Modern Game Bantams

In stark contrast to the Scots Dumpies the Modern Games are sleek, proud-postured, and all legs. They are the super models of the chicken world and come in all sorts of colors to highlight their odd physique. They were originally bred by tweaking lines of game birds (those traditionally bred for cockfighting.) Perhaps someone thought that in our day and age fighting is more mental than physical, and if you look this freaky your enemies may run in terror at the sight of you.

Juvenile frizzle (curly feathered) hen
Juvenile frizzle (curly feathered) hen


Seramas are a Malaysian breed only recently (2001) imported into the United States. In their country of origin they are beloved pets surpassing the popularity of both dogs and cats combined. What makes them so lovable? Well their sweet personalities and their tiny statue which allows them to be house pets! The smallest of the breed, called micros, don’t get much bigger than a can of soda. Their chicks are the size of a battery. And to add to their charm they also come in over 2,500 different colors making them perhaps the most colorful breed, if not close to it! I admit I have been bedazzled by these cheeky little birds and have a pair of my own but they're the largest of the breed at 16oz. The smallest of the breed can be as wee as 6oz.

Cream Legbar

These chickens don’t look unusual from the onset but they do have one very special and desired quality, sexual dimorphism from hatching. In laymen's terms that means boy chicks and girl chicks can be sexed immediately after their hatching based on their coloring alone. Although many breeds have roosters that mature to look much different than hens very few chicken breeds have this marked difference from day one. It’s a breed that was worked on specifically for this characteristic before nearly going extinct. There are a handful of breeders trying to make a comeback with them.

Easter Eggers, Olive Eggers, and Marans

Easter Eggers are Americauna or Aricauna chickens who decided laying brown or white eggs was too boring and mainstream for them. They opted to lay bright blue eggs, some being baby blue, others being darker. This is rumored to be due to the fact the breed may have originated from crossing pheasants (who lay colorful eggs) with chickens several hundred years ago. I thought this was far fetched but it apparently can happen sometimes so I can’t be one to judge. In the meantime people sometimes cross these Easter Eggers with brown egg layers in order to create birds that lay green eggs which I hear are terrific with ham. And if egg color is really your thing there are also pinkish colored eggs, brown eggs, dark brown eggs (usually laid by Marans) and white eggs.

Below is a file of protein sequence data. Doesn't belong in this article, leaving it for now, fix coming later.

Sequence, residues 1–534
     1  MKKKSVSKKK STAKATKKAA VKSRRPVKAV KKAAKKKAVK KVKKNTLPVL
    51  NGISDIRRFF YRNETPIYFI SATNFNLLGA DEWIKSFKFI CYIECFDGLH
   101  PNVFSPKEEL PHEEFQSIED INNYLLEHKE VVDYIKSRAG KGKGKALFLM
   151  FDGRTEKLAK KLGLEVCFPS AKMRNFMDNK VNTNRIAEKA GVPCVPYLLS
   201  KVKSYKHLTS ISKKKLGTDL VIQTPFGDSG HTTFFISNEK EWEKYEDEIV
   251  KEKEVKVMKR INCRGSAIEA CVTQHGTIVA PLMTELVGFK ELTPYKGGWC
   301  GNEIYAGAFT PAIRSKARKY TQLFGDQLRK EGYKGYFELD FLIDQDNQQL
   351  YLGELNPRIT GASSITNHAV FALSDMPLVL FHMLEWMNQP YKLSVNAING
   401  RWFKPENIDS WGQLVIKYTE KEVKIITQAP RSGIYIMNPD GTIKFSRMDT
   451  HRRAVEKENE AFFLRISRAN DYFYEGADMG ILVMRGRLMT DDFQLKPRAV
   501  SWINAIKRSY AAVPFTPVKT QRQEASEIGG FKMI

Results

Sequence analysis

What happens when you cross a chicken with candy? Buttercups of course! These are chickens whose roosters display such an enormous fleshy comb that it almost looks like a hand jutting out of its head and because both combs are attached they actually can make a circular cup. This might be handy for collecting water for the other chickens if they can figure this out…
I do believe dinner is running away...
I do believe dinner is running away...

Naked Chickens

There have been several breeds of chickens that have had featherless necks but what happens when you want to take that characteristic to its logical genetic extreme? Well, you get feathers chickens like the ones created by mad scientists in Tel Aviv in 2002. These chickens were supposed to be fast growing, lower in calories, withstand hot climates, and be easy to process for the chicken plucker on the go. What really happened was the birds did terrible in heat suffering from sunburns and heatstroke having no protection from their imaginary feathers. Roosters also had to be truly acrobatic if they wished to mate for they could not keep balance flapping their wings like most rooster do. It was a flop, though a few did get loose into the pet market which is why you occasionally see a picture of a bare-ass chicken wearing a sweater. What next?